Neighborhood Activation in Spoken Word RecognitionRemembering Tom Tillman During and following World War II, there was significant interest among audiologists and speech scientists in the development and standardization of speech recognition tests for clinical use. Clinical observations during the 1940s and 50s had already indicated that results from pure tone threshold tests often were not predictive of the receptive auditory communication ability among persons with hearing loss. No doubt, Tom Tillman, as a graduate student and later as a faculty member at Northwestern University, was influenced by the growing clinical interest in using speech to measure receptive communication ability. Several of Tillman's publications1 2 3 during his early professional life reflect his research interest in speech audiometry, an interest that continued and expanded4 5 6 throughout his career. He is especially remembered-in collaboration with Carhart -in the development of the Northwestern University Test No. 6, which is still in use today. Tillman's strategy for measuring speech recognition with phonemically-balanced, monosyllabic words was symptomatic of the basic and clinical speech research emphasis of that period, in particular, the general view that the perception of words required the recovery of a sequence of phonetic or phonemic elements. This orientation lead to “bottom-up” explanations of speech perception. Since the 1970s, however, basic speech research has reflected the growing recognition that any comprehensive theory of speech perception must account for the processes and representations that subserve the recognition of spoken words beyond the perception of individual consonants and vowels. The current article reviews several recent investigations conducted at the UCLA-VA Human Auditory Laboratory that provide evidence that cognitive and linguistic capabilities (“top-down processing”) play a role in rapid selection of a target word from other potential choices once an acoustic-phonetic pattern has been activated in memory. This article is dedicated to Tom Tillman, who served as an example of a dedicated, meticulous researcher to me during my pre-doctoral studies.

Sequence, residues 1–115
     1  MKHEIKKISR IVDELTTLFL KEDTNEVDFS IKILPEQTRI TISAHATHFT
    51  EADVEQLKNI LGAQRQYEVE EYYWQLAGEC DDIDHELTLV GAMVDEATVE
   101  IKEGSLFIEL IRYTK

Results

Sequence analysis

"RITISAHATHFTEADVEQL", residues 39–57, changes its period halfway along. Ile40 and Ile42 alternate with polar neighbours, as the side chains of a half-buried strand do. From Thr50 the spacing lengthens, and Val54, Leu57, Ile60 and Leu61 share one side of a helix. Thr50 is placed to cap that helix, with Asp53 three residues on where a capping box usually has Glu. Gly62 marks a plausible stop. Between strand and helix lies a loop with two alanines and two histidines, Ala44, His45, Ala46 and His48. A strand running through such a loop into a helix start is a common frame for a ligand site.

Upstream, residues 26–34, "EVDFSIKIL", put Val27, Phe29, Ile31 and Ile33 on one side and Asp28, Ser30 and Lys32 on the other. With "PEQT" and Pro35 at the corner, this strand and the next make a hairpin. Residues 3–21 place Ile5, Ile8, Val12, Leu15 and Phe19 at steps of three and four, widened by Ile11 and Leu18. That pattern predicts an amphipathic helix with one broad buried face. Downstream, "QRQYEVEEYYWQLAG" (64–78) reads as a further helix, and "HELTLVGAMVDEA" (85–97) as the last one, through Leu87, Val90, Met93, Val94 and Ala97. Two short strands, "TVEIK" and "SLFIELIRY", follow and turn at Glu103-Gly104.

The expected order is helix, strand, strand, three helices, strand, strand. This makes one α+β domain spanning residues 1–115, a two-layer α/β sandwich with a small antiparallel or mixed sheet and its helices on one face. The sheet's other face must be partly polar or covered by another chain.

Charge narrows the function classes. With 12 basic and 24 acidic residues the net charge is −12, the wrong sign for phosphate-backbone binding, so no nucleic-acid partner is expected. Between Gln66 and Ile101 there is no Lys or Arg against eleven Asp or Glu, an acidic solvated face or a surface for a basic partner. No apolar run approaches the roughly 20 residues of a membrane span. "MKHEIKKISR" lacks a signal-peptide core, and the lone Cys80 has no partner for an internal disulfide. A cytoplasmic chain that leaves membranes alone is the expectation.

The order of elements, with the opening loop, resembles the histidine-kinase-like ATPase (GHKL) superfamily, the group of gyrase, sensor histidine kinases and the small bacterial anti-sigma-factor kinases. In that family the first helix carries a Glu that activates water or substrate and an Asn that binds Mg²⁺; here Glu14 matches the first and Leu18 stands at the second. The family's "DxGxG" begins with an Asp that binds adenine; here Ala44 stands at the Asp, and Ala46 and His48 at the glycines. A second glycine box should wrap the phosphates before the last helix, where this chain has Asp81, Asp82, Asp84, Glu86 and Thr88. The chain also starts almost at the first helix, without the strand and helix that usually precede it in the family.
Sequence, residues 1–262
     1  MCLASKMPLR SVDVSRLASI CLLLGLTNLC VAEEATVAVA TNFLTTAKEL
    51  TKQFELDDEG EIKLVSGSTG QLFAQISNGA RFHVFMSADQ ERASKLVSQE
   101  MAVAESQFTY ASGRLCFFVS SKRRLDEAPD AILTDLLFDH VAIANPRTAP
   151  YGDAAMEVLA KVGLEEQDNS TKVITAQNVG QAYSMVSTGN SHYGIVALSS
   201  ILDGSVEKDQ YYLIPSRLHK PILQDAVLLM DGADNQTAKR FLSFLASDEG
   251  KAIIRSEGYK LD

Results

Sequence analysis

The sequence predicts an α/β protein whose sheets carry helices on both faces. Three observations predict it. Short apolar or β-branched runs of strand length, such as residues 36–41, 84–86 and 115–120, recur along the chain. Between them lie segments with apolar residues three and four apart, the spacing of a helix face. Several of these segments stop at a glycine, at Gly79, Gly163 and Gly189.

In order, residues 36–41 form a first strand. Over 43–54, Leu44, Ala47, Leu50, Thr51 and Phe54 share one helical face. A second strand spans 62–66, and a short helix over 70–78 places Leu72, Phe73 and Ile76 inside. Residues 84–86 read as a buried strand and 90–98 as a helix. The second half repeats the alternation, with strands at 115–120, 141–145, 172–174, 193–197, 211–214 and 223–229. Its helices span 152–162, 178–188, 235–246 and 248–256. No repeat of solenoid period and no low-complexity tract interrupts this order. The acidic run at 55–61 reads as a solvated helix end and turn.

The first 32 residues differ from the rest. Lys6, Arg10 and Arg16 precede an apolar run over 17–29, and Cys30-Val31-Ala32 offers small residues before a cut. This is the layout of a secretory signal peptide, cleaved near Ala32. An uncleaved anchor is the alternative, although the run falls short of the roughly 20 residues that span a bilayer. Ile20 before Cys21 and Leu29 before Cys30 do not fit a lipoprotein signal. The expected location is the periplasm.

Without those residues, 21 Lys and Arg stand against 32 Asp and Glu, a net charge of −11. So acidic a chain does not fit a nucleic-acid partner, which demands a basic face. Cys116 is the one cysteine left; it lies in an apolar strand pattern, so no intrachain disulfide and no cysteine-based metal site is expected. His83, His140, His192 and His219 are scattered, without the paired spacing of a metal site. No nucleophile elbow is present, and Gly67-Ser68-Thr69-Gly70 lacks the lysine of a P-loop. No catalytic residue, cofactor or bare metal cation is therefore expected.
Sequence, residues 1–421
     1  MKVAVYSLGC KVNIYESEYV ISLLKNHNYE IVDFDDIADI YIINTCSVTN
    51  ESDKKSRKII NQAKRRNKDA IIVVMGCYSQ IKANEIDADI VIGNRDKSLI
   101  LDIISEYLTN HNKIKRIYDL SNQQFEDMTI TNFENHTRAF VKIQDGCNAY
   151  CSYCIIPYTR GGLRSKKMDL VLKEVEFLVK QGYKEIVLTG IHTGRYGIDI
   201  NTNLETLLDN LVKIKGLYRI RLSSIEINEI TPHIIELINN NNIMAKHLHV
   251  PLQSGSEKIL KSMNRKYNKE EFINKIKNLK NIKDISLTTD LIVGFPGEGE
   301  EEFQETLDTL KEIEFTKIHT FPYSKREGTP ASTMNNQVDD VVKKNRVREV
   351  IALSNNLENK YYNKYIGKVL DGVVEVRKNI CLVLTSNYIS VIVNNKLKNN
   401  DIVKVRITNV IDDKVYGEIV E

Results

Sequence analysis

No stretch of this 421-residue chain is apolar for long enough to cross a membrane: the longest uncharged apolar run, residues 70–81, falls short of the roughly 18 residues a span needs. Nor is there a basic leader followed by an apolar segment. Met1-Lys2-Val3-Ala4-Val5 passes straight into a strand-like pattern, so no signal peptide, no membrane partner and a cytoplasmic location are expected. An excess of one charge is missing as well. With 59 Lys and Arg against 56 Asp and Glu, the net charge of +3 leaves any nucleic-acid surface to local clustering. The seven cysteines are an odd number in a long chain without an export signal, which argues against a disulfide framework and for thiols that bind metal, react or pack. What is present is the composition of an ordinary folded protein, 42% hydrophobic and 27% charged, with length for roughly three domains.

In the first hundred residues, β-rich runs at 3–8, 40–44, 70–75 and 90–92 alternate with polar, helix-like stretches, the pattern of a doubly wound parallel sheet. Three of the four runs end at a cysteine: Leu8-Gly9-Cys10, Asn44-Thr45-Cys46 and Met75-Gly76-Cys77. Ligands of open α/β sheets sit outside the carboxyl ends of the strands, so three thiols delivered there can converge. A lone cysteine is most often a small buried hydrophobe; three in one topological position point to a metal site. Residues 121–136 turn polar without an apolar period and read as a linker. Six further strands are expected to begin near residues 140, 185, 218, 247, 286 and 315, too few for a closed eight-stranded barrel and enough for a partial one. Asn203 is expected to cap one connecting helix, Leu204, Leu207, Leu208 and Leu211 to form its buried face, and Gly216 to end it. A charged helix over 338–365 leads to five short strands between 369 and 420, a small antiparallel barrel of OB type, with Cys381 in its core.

02 April 2004 (online)
Current models of spoken word recognition share the common assumption that the perception of speech includes two fundamental processes: activation and competition. A key feature of the discrimination process is competition among multiple representation of words activated in memory, and the single selection of a target word from the alternatives in the same lexical neighborhood. The focus of this article is on one of these models, the Neighborhood Activation Model (NAM). Several experiments are reviewed that support the basic tenets of NAM, and identify neighborhood density and neighborhood frequency along with word frequency as significant lexical factors affecting word recognition. The results indicate that NAM can be generalized to the word recognition performance of individuals with sensorineural hearing loss and persons for whom English is not their first language. These results provide support that activation-competition models of spoken word recognition may possess principles fundamental to the recognition of words.
Spoken word recognition - lexical competition - hearing impairment - non-native listeners
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Donald D Dirks, Ph.D.
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